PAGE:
How can you not love two sisters, entertainers as they call themselves, who have given their hearts to provide their brand of music for seven decades? Aletra Hampton, who plays piano, and Virtue Hampton-Whitted on standup bass, continue to play their style of swing and rhythm and blues today. Both ladies are into their 80s. Talking to the Hampton Sisters about their years of playing in Indy and the surrounding region, you realize they represent the essence of why jazz is celebrated. Ironically, they don’t consider themselves jazz musicians. Aletra says, “We give the public what they want.” Virtue adds, “We did a lot of playing for the dance studios back in the late ’20s and that gave us a variety of music. The only thing we didn’t go into was the bebop. We all came from the same stock but we all had different attitudes about music.” Their baby brother, the renowned jazz trombonist/composer/arranger Slide Hampton, carried the family name into the bebop movement. Aletra summed up the passion that drives them: “We are not what you call musicians. We are musical entertainers — we don’t read. And what we play we feel and we work as hard as we possibly can to feel it so that we can make the audience feel it.” They are proud of the fact they can play in the schools for children. They also have strong feelings about the impact of high tech instruments. “Real music, real horns, real everything has a soul in it. This is what you have to find within yourself to be able to express so the listener can feel what you are doing,” Aletra stated. Even stronger feelings were expressed by Virtue about a generation’s loss of interest in jazz in Indy’s African-American community. “It used to be you go by a certain time of day in every house on the block and you would hear jazz. It’s a shame. The ones that came out of Attucks High School, they lost out in the arts and in the way of music. The movies at that time had a variety of music, even symphonic music, that was important for children. They missed out on all of this.” These dynamic sisters have received the state’s highest award, the Sagamore of the Wabash, along with numerous other honors and laurels, and they are finally recording their first complete CD to be released soon. They perform in a quartet setting with Indiana Avenue legend, saxophonist “Pookie” Johnson, and drummer Larry Clark. The Hampton Sisters only know one way to play and that is honestly — with a lot of passion added.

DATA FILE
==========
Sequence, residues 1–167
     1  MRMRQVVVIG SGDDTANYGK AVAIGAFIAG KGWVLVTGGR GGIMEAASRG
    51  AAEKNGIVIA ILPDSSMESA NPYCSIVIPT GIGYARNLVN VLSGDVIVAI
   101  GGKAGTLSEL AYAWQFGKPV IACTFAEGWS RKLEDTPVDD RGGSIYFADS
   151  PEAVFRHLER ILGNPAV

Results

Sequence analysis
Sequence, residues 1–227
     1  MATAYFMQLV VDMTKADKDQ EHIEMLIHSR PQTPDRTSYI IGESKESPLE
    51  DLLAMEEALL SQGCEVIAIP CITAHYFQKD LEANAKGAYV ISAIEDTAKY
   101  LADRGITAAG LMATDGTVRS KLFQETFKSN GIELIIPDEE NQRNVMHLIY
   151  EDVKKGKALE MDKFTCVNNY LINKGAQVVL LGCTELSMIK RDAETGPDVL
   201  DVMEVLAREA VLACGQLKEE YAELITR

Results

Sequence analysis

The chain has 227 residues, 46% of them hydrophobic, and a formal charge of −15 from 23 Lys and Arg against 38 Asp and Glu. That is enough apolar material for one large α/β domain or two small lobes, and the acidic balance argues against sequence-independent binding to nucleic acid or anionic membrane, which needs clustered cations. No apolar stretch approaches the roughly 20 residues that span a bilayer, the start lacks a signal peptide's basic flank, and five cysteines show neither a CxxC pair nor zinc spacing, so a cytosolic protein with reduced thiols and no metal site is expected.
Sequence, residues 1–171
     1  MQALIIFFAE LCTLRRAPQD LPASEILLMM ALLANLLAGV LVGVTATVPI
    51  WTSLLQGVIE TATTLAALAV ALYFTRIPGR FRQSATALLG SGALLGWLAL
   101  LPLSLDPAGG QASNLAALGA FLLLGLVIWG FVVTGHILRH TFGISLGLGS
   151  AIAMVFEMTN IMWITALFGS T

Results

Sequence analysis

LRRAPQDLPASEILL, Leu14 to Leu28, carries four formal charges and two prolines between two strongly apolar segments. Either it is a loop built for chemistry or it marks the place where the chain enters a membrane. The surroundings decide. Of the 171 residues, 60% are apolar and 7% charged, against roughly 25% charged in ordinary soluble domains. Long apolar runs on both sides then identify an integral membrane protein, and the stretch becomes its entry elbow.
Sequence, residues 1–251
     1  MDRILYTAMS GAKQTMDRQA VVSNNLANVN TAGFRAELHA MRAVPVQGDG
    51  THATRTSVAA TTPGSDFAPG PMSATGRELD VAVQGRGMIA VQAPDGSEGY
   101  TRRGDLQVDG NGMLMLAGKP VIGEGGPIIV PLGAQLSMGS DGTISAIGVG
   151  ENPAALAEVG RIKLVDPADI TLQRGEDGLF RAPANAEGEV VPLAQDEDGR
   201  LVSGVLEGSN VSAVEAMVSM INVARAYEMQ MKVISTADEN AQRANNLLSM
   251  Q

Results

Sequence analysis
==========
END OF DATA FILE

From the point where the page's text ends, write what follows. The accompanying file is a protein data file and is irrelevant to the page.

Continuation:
Hilton Ruiz is a household name in the world of Latin jazz and bebop. A New Yorker who was born in Puerto Rico, Ruiz is an exceptional pianist who has been playing professionally 30 years, since the age of 18. He has worked with major jazz and Latin artists like Dizzy Gillespie, Clark Terry, Tito Puente and Mongo Santamaria. As a leader, Ruiz has 22 recordings under his name and has performed on over 100 others. Adding to his credits are television appearances on the David Letterman show and BET specials with Ramsey Lewis and Lou Rawls. His music scores could be heard in numerous films, like the Academy Award-winning American Beauty and Woody Allen’s Crimes and Misdemeanors. Ruiz is no stranger to this city and the American Pianist’s Association. He was a judge for the jazz competition in 2001 and now returns as a performer at the Taste of Indy Jazz Fest. Ruiz believes in keeping his music simple and accessible. He said, “Latin jazz is getting bigger and stronger, people are really enjoying it. The thing is that it is very danceable music. When I do concerts I notice that little children are just jumping up and down in front of the bandstand and just dancing. It creates an energy and a really happy vibration, it puts that feeling in your body that you really want to move. I do know that I make a lot of people happy when I play.” His new CD, Enchantment, on the Arabesque label, is a prime example of the flavors of Ruiz’s music. He will be performing with his quartet as heard on the CD.
WHAT: The 2003 Taste of Indy Jazz Fest WHERE: Military Park, downtown Indianapolis WHEN: Saturday, Sept. 27, 1-11 p.m. Festival lineup and approximate performance times: • Buselli Wallarab: 2-2:45 p.m. • Buddy Montgomery: 3-3:30 p.m. • Cathy Morris: 3:45-4:30 p.m. • Hilton Ruiz Quartet: 4:45-5:45 p.m. • The Hampton Sisters: 6-6:30 p.m. • Aaron Parks Trio: 6:45-7:30 p.m. • Terence Blanchard Sextet: 7:45-8:45 p.m. • Count Basie Orchestra with Patti Austin: 9:15-11 p.m. HOW: Tickets are $20 the day of the event and $15 in advance. Tickets are available at all Ticketmaster outlets. For festival information: 800-3344-4639 or www.Indyjazzfest.net.